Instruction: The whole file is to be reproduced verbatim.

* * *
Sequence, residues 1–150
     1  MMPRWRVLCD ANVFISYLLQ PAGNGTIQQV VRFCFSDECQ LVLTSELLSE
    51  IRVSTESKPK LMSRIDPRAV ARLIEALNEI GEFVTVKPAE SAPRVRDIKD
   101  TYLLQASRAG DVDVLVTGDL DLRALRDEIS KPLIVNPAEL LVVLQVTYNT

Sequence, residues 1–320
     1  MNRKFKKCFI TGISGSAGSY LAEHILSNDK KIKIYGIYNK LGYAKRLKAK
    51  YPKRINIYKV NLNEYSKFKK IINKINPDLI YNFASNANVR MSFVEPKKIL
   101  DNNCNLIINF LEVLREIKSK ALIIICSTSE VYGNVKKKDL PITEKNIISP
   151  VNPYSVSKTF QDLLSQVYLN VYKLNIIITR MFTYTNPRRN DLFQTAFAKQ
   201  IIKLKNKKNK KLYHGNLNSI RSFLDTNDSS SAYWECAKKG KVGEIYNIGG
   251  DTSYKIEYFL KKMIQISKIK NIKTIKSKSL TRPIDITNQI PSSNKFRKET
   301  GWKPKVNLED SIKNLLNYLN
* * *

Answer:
Sequence, residues 1–150
     1  MMPRWRVLCD ANVFISYLLQ PAGNGTIQQV VRFCFSDECQ LVLTSELLSE
    51  IRVSTESKPK LMSRIDPRAV ARLIEALNEI GEFVTVKPAE SAPRVRDIKD
   101  TYLLQASRAG DVDVLVTGDL DLRALRDEIS KPLIVNPAEL LVVLQVTYNT

Sequence, residues 1–320
     1  MNRKFKKCFI TGISGSAGSY LAEHILSNDK KIKIYGIYNK LGYAKRLKAK
    51  YPKRINIYKV NLNEYSKFKK IINKINPDLI YNFASNANVR MSFVEPKKIL
   101  DNNCNLIINF LEVLREIKSK ALIIICSTSE VYGNVKKKDL PITEKNIISP
   151  VNPYSVSKTF QDLLSQVYLN VYKLNIIITR MFTYTNPRRN DLFQTAFAKQ
   201  IIKLKNKKNK KLYHGNLNSI RSFLDTNDSS SAYWECAKKG KVGEIYNIGG
   251  DTSYKIEYFL KKMIQISKIK NIKTIKSKSL TRPIDITNQI PSSNKFRKET
   301  GWKPKVNLED SIKNLLNYLN